This entry was originally posted to my only blog at the time, Folkcat’s Fiber Crafts. Since it’s not fiber content, and more suited for this location, I’ve chosen to re-post it at this time. I’ll go back to original content tomorrow, I promise!
Last Friday, the 10th of June, I finally had my opportunity to see Star Wars Episode III: The Revenge of the Sith on the big screen. As luck would have it, I was able to do so in a fashion that uniquely celebrated the completion of the story cycle that George Lucas began back in 1977.
When Star Wars came out, I was just about to graduate high school. I was an instant fan the first time I saw the movie. During its original release, I saw it a total of ten times. I faithfully attended each of the subsequent movies when they came out, even being the first person in line in Syracuse, NY to see Return of the Jedi.
This past Friday, I looked at the sign outside the movie theatre next door and was thrilled to see that Dennis (owner of the theater) had booked Star Wars E3. I hadn’t been to see it yet, and this was so convenient. Plus, I had heard rumors about the Wilton Town Hall Theatre and the original Star Wars that I hoped to confirm…
I bought my ticket early, and I didn’t even have to pry the information out of Dennis. He told me the story about what happened back in 1977, about how, contrary to any evidence you will find elsewhere on the web and in Star Wars trivia, the world premiere of the original Star Wars took place at the Wilton Town Hall Theatre on May 17th, 1977, in the tiny town of Wilton, New Hampshire.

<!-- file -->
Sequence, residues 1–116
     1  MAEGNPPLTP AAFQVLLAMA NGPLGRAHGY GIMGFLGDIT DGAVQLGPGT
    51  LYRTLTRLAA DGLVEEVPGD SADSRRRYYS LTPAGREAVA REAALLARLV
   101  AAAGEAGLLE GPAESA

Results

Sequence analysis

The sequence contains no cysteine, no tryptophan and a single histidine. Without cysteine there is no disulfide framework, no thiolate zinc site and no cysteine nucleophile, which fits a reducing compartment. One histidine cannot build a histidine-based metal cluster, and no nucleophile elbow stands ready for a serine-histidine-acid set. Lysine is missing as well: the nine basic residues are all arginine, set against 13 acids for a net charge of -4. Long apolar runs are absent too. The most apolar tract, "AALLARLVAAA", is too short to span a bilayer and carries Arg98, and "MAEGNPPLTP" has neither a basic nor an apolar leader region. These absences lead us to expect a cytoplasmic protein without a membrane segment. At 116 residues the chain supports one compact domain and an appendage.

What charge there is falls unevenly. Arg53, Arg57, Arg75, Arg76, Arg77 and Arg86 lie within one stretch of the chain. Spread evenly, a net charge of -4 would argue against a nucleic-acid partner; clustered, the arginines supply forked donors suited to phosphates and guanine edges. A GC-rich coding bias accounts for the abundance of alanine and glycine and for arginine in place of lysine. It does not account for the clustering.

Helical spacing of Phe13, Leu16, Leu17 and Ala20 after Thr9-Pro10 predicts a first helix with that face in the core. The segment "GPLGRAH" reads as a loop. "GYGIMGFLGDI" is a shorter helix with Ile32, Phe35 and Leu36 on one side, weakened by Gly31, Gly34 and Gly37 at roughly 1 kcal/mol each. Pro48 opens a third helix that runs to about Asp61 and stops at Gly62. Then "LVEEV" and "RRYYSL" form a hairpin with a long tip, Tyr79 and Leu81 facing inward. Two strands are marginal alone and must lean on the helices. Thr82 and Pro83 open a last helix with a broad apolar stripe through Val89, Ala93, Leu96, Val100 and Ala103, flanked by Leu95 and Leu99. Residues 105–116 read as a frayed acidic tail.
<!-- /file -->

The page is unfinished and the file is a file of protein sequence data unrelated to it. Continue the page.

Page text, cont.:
Go anywhere else, ask the most devoted and knowledgable Star Wars fan, and you’ll be told that the first movie premiered at Grauman’s Chinese Theatre on May 25th, 1977. Why the discrepancy?
As Dennis told it to me, one of the producers of the film had children who attended a notable boarding school here in Wilton. He really, really wanted his kids to be the first to see the movie. So a special day of showings of Star Wars was arranged as a fundraising event for the school.
It’s that simple. Since this wasn’t an official, for profit showing, and wasn’t an event that got national attention at all (after all, Star Wars at the time of release was predicted to be a B-movie dud with no box office power and no lasting value), in all official records the first showing that counts was at Grauman’s.
But I know different, and now you do, too. And what I consider more special, I got to see the movie that brought the story full circle in the place where it really all began.
How cool is that?